1. Current research on implicit bias is thought to offer a promising explanation for why social injustice persists. This program assumes the sufficiency of the individualistic biased mind explanation, which claims that injustice is caused by individual mental states. Ayala claims that there are two problems with the individualistic explanation in the case of speech injustice: first, it fails to explain what happens to the speaker’s words, and second, it isolates agents from the social forces that shape their behaviour. Given these problems, Ayala argues that a structural explanation should be explanatorily prior to, and holds more explanatory power than, an individualistic explanation. On the structural explanation, speech injustice is “a systematic phenomenon resulting from conventions” (3) that are appropriate to that society. When someone acts in a way that accords with social norms, there is no need to attribute to them further reasons such as implicit bias. That is just the way things are done, even if we are not aware that we are doing things in this way. My comments will first draw out some additional benefits of Ayala’s structural explanation. I also bring up a few examples where the structural explanation appears insufficient and implicit bias may play an important explanatory role.

    A tacit assumption of appeals to implicit bias is that social injustice is difficult to explain – almost mysterious – in the absence of explicit prejudice. But, as Ayala points out, this approach forgets that the ideal realm in which standard discursive conventions treat all persons as equally credible is not our realm (1). In Ayala’s view, unjust discursive conventions are the appropriate conventions, and those are being applied exactly the way they are supposed to be. This perspective has much to offer both in terms of explanatory power and responsibility for justice, and the first part of my comments will focus on these benefits.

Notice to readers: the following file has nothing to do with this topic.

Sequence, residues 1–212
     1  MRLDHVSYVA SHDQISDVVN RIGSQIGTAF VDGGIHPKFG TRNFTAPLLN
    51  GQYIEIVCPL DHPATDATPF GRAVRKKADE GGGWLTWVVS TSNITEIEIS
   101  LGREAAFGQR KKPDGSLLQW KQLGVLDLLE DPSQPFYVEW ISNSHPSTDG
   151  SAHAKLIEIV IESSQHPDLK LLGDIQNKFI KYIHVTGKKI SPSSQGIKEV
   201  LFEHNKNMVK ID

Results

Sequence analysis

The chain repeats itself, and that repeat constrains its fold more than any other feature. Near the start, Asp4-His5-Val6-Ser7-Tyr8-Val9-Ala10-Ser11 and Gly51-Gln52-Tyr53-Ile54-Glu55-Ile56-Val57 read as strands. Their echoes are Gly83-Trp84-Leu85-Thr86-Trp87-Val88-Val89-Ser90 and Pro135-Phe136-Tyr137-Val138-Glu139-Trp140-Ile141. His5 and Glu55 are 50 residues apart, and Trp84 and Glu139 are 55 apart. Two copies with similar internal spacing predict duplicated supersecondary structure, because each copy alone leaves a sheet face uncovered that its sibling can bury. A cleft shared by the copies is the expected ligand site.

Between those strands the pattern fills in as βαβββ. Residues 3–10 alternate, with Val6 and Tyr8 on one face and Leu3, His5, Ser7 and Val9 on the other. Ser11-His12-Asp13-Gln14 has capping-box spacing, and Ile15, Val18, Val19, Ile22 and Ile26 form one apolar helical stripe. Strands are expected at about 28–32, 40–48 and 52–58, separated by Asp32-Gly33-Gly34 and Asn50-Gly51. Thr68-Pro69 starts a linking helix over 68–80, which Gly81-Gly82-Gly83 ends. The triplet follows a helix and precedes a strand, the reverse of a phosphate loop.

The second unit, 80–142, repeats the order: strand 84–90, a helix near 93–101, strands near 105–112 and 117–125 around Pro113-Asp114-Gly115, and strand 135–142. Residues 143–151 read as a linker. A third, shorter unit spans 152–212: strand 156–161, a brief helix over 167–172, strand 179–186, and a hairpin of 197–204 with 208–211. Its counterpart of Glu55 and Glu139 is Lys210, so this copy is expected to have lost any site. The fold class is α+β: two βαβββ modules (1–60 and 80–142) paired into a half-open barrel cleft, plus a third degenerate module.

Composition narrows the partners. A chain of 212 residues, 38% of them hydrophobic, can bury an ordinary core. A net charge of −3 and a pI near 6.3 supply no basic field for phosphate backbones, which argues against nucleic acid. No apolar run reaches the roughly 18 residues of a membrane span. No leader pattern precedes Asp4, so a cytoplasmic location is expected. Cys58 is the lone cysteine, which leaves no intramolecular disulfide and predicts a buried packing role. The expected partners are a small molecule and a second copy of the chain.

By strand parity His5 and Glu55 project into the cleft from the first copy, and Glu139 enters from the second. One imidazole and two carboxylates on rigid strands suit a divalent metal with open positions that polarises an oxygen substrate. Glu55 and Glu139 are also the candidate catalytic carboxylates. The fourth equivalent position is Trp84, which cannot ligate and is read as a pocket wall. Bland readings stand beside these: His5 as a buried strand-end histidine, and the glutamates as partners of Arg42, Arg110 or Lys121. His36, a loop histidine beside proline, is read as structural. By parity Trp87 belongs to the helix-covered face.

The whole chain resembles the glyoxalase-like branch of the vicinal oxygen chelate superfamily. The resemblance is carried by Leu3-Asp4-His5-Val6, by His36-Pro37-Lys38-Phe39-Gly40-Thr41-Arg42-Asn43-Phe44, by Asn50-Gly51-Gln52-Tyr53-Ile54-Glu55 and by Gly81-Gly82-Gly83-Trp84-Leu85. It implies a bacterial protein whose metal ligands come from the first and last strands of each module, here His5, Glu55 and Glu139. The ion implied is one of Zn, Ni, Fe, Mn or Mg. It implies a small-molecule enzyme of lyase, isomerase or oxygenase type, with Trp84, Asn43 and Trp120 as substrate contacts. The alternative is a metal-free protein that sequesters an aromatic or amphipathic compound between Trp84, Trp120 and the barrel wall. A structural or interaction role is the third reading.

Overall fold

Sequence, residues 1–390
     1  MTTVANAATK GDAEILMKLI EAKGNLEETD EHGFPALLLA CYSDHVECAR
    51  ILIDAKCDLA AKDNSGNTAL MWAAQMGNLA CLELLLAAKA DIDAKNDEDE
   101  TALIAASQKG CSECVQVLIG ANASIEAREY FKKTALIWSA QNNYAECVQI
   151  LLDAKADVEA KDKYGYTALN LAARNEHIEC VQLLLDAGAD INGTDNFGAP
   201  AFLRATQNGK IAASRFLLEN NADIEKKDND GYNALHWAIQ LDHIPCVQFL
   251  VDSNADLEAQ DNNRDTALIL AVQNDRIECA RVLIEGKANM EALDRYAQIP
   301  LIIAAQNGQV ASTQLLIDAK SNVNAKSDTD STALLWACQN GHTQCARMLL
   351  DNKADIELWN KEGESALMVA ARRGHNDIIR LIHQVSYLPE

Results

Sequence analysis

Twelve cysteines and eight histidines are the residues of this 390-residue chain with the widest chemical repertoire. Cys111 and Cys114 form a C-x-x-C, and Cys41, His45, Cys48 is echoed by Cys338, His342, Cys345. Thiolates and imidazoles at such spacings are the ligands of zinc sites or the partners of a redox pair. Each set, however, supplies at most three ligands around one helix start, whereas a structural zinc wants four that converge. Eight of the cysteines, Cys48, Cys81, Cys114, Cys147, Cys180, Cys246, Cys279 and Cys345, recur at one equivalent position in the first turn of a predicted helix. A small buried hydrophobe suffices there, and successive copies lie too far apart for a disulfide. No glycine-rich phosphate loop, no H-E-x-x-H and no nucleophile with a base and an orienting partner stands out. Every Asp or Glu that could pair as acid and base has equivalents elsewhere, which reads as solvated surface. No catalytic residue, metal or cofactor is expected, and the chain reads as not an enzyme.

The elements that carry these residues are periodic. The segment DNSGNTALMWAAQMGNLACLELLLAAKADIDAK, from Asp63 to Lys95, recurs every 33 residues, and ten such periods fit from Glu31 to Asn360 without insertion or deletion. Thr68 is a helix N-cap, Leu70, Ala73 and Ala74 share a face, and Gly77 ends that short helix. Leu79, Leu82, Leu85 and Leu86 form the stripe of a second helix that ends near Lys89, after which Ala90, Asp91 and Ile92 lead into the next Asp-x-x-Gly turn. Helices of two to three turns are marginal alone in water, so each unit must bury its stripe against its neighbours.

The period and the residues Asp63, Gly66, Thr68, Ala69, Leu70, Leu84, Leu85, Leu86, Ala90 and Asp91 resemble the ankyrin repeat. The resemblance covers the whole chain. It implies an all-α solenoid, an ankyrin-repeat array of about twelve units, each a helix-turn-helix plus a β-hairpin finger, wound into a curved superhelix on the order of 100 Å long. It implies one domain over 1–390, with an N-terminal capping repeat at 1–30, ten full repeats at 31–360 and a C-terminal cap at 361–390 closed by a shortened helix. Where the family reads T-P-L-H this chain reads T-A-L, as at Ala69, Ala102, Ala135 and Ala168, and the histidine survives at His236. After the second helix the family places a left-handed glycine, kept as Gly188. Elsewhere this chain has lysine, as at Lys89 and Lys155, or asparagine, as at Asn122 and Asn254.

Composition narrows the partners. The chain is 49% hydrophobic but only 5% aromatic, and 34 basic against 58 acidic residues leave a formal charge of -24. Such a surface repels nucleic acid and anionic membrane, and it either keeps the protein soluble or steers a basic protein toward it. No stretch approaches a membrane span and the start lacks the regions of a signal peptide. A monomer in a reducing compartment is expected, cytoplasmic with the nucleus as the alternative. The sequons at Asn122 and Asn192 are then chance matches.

The first upshot of the structural explanation derives from Ayala’s claim that the structural explanation has more stability than the individualistic explanation. If the structural explanation is more stable, it is also bi-directional. Not only can we explain patterns of injustice by appealing to norms, but we can also appeal to these patterns of injustice in trying to figure out what our operative norms are by reverse-engineering. Patterns of injustice are symptomatic of unjust norms. The individualistic explanation, however, is uni-directional in part because it is less stable. The idiosyncracies of individual bias create a mismatch between consistent patterns and their widely variable causal mental states, and any given explanation is confined to a local context. Thus, we cannot infer backwards from patterns of injustice why some types of speakers consistently get uptake and others do not, regardless of local variations.